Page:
And though I'm no Olivier. If he fought Sugar Ray...He would say that the thing ain't the ring, it's the play...And though I could fight, I'd much rather recite...that's entertainment.Laurence Kerr Olivier, Baron Olivier of Brighton (May 22, 1907 – July 11, 1989) was an English actor and director, considered, in his lifetime, to be the greatest actor of his generation. On stage he was unanimously seen as a genius actor and director. In cinema, he hit a peak in his early films, including an Academy Award-winning title role of Hamlet, which he also directed. Hamlet also won Best Picture (the only movie spoken in Shakespeare's dialogue to win to date) and earned Olivier a Best Director nomination (making him the only person to direct himself to an Oscar until Roberto Benigni won an Oscar for acting in Life Is Beautiful 50 years later).As a film director, he's best known for his three William Shakespeare adaptations. In addition to Hamlet, there's Henry V (1944) and Richard III (1955), both of which were shot in Technicolor, featuring impressive cinematic spectacle for its time, and still considered among the best Shakespeare films. His turn as Richard III in particular proved to be one of his most iconic and much parodied roles, famous for his Breaking the Fourth Wall monologues to the camera. He was nominated for the Best Actor Oscar each time and it more or less cemented him in Pop-Cultural Osmosis as "the" Shakespearean actor.He also received two honorary Academy Awards: the first in 1947 for Outstanding Achievement for his Henry V, which he produced, directed and starred in; and a Lifetime Achievement award in 1979. Other roles that attracted Academy Award nominations but not wins included Heathcliff in Wuthering Heights (1939), Maxim de Winter in Rebecca (1940),note the title role in The Entertainer (1960), the title role in Othello (1965), Andrew Wyke in Sleuth (1972), Dr Christian Szell in Marathon Man (1976), and Ezra Lieberman in The Boys from Brazil (1978).In what was perhaps the logical extreme to both their careers, Kenneth Branagh netted an Academy Award nomination for playing Olivier in My Week With Marilyn.Official site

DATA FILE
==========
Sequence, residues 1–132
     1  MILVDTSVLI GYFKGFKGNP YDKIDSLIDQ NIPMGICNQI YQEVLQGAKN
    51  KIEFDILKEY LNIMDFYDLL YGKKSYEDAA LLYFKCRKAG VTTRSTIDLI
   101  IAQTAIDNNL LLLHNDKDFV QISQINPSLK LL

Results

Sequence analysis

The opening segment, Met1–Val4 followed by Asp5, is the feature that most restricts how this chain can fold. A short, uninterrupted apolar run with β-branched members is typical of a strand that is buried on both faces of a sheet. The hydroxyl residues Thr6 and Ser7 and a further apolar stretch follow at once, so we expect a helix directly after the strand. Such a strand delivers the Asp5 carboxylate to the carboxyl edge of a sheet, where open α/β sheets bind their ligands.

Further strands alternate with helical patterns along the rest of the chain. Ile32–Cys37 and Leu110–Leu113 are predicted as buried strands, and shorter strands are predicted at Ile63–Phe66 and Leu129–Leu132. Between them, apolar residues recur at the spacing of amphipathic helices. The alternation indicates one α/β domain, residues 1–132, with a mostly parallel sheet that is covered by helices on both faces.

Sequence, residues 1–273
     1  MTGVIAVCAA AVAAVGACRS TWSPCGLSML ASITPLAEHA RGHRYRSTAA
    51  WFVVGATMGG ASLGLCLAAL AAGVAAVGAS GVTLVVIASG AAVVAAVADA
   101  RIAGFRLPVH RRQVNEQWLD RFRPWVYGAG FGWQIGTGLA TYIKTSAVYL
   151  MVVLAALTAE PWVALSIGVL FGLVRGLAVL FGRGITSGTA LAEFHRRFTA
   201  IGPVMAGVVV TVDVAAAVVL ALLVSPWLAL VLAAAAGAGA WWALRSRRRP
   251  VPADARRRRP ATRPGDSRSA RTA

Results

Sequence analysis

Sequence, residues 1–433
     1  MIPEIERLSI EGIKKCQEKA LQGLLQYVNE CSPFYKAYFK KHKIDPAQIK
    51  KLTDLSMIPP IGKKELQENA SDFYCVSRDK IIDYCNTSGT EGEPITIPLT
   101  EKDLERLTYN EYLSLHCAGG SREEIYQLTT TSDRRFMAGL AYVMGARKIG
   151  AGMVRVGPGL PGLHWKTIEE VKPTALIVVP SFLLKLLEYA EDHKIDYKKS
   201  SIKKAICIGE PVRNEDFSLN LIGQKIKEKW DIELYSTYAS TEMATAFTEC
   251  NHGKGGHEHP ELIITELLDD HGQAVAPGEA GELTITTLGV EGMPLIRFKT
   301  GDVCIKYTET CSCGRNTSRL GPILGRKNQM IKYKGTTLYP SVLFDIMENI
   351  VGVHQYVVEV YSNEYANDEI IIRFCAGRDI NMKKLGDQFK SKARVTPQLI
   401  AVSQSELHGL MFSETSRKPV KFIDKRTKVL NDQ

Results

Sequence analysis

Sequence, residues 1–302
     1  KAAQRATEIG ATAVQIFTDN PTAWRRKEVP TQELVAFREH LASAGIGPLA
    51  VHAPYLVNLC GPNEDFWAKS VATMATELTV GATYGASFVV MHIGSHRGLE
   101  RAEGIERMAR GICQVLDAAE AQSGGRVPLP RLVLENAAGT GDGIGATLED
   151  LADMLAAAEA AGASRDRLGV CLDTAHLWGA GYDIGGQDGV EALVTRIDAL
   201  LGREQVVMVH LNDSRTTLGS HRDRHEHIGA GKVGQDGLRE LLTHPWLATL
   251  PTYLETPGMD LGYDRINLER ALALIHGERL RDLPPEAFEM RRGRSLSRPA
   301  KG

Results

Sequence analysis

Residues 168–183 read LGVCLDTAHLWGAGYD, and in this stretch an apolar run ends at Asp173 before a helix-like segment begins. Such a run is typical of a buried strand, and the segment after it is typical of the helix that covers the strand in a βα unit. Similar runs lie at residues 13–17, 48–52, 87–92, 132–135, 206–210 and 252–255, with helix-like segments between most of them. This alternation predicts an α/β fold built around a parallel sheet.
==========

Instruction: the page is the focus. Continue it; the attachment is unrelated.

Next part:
Tropes associated with Laurence Olivier include:
- Byronic Hero: He played Heathcliff, Richard III, Maxim de Winter, Hamlet, and his take on Nelson in That Hamilton Woman was also quite Byronic, brooding, dark and intense. He was also a real-life one.
- Creator Couple: He and Vivien Leigh appeared in many stage productions together but only two films.note That Hamilton Woman is considered the best and it was Winston Churchill's favorite film. He also worked several times with Joan Plowright, notably both the play and film of The Entertainer.
- Doing It for the Art: Nearly bankrupted himself helping to run the National Theatre. This is a major reason Olivier took so many subpar film roles in his later years.
- Dramatic Pause: This anecdote by Peter Ustinov, Olivier's Spartacus co-star, on the Jack Paar Show demonstrates Olivier's tendencies toward this.
- Dyeing for Your Art: Olivier occasionally did this, most famously his stage version of Othello. He wore full-body make-up, lifted weights and spent months working with a vocal coach to lower his voice an entire octave. More constoversially, he dyed himself again to play the Mahdi in Khartoum, to look more Arab.